Ken Kayse

How hard we parents try to make our children’s world better than ours.
Photo by Heike Mintel on Unsplash

Disclaimer: This article discusses my views, observations, and opinions about parenthood. Caution should be used in mimicking the style of parenting discussed here. What works for me and my wife may not work for you.

When I was a brand-new father, filled with tremendous love in my heart for this little being squeezing my finger so tightly, I remember promising myself that this days-old baby would live a better life than me.

It wasn’t because I had it rough when I was growing up, not at all. I was born into a very loving family and was well provided for during my formative years. While we weren’t rich in a monetary sense by any means, my parents taught me about the values of faith, hope, love, and charity that would stay with me for the rest of my life.

Passing these cherished beliefs on to my daughter, and a few years later to my son, would be my calling in this life. As a parent, I felt a strong duty to teach these values to my children, just as my parents had done for me and their parents had done for them.

This, I was certain, would give them a strong foundation from which they could develop their own beliefs, their own morals, and principles, and their own strengths and weaknesses.

Families have different values and different ways of teaching these values to their children. There may be disagreements between parents at times as to how to convey these values to the kids, but the values don’t change.

For instance, my own personal belief about how much freedom to allow a child to explore when they find themselves in different surroundings from what they know at “home” might be to allow them a great deal of leeway to let them discover things on their own.

On the other hand, you, the reader, might be fearful that something bad could happen to them in this new environment and you may tend to rein them in some, within your reach at all times, as a measure of control to allow you time to react if something bad happens to them.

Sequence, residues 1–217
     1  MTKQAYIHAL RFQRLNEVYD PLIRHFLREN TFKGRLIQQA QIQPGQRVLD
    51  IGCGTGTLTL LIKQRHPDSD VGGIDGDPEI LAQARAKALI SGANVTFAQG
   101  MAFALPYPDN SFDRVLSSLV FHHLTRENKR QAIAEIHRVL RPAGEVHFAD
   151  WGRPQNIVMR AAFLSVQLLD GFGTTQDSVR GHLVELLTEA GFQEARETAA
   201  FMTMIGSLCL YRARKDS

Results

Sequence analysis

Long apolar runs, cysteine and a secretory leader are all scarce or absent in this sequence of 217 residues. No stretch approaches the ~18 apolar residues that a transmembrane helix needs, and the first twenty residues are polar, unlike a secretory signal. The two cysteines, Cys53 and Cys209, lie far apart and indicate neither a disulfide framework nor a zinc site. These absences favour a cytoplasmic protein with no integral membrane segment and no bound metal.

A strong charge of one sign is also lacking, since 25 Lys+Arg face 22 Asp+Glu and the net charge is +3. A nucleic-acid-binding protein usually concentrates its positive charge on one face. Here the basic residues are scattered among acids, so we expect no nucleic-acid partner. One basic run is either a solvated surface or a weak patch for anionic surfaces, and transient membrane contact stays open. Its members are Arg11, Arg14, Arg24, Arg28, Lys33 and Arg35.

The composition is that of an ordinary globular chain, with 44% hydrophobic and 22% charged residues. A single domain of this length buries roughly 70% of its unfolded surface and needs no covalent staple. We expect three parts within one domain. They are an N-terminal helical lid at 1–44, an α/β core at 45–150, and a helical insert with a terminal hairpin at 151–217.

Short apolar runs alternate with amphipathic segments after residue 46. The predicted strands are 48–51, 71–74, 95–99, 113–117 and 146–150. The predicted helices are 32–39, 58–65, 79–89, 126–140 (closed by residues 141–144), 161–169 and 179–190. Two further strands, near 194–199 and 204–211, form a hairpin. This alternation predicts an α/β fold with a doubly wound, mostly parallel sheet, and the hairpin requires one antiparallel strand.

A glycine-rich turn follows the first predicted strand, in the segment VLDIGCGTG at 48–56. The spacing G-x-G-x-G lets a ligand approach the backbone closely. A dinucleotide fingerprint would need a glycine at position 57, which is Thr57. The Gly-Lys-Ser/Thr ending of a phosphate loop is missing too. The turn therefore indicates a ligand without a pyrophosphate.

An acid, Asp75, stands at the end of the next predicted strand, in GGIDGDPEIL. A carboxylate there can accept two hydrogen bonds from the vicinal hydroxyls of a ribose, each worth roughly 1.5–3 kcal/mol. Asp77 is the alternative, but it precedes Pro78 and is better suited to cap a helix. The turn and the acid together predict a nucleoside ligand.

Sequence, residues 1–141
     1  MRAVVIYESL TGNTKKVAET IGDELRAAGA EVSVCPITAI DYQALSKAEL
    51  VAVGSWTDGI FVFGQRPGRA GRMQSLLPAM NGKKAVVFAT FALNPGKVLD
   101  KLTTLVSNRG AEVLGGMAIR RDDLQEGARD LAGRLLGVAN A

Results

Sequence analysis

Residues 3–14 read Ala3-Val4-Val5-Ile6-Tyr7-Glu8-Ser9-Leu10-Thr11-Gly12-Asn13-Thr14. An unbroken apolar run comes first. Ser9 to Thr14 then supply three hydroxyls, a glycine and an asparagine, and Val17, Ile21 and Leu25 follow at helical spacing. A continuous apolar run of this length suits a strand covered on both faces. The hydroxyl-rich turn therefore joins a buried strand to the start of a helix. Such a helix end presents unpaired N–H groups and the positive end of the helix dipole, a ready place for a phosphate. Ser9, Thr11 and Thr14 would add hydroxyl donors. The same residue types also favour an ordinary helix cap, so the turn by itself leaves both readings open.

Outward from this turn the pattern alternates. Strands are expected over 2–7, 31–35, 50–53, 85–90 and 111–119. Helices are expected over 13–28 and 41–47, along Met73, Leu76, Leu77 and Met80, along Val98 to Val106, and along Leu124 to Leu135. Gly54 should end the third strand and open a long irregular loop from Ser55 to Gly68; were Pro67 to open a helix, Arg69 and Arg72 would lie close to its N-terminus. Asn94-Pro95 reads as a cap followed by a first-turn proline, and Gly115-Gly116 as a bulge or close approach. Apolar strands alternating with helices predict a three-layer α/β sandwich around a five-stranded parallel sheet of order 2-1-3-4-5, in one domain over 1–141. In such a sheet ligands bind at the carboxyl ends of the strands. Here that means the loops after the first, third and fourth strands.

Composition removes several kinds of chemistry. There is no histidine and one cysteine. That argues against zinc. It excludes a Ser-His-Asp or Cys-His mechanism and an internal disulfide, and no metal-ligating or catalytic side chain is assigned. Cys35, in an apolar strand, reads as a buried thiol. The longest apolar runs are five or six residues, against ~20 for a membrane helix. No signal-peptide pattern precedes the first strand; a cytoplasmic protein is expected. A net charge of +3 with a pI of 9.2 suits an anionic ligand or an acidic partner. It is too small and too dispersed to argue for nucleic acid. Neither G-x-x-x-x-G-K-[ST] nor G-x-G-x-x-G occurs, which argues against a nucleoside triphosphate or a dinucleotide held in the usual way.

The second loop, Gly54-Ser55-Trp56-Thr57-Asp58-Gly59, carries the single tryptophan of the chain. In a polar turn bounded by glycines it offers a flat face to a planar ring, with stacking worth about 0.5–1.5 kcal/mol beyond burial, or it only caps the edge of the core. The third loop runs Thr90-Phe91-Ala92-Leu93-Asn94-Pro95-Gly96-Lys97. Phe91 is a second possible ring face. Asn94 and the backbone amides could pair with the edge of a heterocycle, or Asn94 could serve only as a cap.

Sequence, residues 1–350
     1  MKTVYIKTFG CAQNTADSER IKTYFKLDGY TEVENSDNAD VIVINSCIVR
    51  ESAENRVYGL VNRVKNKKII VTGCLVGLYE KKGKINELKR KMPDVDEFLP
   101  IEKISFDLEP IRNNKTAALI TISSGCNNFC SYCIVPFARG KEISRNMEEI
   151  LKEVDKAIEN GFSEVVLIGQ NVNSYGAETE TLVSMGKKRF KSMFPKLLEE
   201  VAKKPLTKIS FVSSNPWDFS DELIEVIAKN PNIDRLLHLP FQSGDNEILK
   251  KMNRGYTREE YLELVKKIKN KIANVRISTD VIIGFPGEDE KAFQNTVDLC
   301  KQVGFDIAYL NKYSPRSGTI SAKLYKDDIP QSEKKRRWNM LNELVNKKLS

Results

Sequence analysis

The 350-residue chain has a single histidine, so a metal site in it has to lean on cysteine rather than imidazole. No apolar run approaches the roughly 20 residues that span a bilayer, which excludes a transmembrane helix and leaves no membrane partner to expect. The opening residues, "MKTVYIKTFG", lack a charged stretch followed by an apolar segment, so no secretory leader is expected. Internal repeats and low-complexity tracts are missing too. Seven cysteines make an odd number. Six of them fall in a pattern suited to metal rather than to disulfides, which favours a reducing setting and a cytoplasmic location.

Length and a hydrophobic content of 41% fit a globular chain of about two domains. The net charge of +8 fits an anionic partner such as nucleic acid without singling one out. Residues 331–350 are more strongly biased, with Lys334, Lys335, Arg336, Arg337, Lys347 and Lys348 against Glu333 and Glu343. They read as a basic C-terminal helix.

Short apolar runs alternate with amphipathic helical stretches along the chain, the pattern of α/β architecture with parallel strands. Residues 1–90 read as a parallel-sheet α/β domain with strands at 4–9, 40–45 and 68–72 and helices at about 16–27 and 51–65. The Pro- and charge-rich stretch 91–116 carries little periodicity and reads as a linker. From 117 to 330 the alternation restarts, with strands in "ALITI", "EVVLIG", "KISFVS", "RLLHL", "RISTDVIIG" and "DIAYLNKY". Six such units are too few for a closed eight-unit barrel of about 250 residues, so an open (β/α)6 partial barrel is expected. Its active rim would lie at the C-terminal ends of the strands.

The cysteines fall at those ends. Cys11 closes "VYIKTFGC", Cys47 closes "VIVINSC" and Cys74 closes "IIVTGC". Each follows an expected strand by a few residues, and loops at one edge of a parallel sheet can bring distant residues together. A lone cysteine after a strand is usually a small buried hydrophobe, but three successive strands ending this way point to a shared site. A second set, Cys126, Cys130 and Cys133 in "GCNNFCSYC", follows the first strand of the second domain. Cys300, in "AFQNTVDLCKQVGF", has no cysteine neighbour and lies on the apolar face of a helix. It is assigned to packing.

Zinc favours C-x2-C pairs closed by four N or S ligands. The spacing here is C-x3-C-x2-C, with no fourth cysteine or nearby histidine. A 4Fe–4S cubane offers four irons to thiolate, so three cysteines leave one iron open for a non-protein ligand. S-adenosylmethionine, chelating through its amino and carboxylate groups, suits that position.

There is nothing “right” or “wrong” with either of these methods. They are personal preferences that each of us develops based on how we were raised and what our life experiences have been.
Photo by Shaojie on Unsplash

I was raised in the 50s and 60s, well before any personal safety issues had surfaced. As such, my siblings and I were given great freedom in how far we could roam from our house. The rules were to stay within earshot and come home when the streetlights come on. You earned more leeway by following these rules.

My Dad and one of his brothers had a special bond with each other. They would get together and reminisce about the “Good Old Days” while I and my three cousins would be getting into all kinds of mischief.

That kind of fun ended abruptly in the early 60s when my uncle’s job was transferred to South Carolina. That meant they had to move, which made me sad because I had gotten close with my oldest cousin. Our budding friendship had to be put on hold for several years.

Twenty-five years flew by before we could renew our closeness. We had loads of fun catching up with each other. There were so many parallels in our experiences — I joined the Army; he joined the Army two years later; We were both honorably discharged. We had been quite the hell-raisers while we were in the Army.

It was when I went to South Carolina for his daughter’s wedding that he mused, “You know, if we had lived closer to each other in our teens, we’d both just be getting out of jail about now.” Who knows what kind of trouble we would have gotten into together?

Thankfully, neither of us has ever been in jail. And we made sure not to pass on any bad habits to our children, too. We gave them the latitude to discover their own personalities, but not so much that they abused the privilege, or had to be restricted from being themselves.

Both my daughter and son are in their 40s now and have their own children. I can see them teaching the same values, morals, and principles to their kids now, but in ways that are different from how we taught them.

I think that’s great! Just as I listened to my parents and absorbed their advice like a sponge, I look back and can see how I taught my children the same values, but in a different way. I tell myself I did this as a way to improve my child’s life, to make it better than mine. Evidently, it worked!

Thanks for reading this!

© All rights reserved

This is original content from NewsBreak’s Creator Program. Join today to publish and share your own content.

Comments / 0

Published by

Being a "Lefty," my writing tends to lean a little to the left, but I consider myself an Independent--I'm willing to listen to all sides. Writing gives me a chance to gather my thoughts. All my life I have been a glass-half-full believer.


More from Ken Kayse

Comments / 0